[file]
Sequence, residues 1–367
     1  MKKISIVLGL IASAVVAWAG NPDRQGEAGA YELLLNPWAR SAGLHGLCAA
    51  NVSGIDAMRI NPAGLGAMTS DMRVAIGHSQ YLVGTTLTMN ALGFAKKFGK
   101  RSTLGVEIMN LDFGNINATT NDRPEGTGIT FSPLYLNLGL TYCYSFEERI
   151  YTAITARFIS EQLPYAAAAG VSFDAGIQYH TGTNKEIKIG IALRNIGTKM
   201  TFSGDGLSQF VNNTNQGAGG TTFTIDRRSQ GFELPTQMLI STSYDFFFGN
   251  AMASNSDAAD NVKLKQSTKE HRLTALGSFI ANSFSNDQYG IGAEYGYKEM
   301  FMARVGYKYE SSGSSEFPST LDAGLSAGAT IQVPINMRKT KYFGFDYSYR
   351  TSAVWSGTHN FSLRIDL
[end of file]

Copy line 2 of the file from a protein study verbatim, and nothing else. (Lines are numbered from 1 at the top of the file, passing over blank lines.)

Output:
     1  MKKISIVLGL IASAVVAWAG NPDRQGEAGA YELLLNPWAR SAGLHGLCAA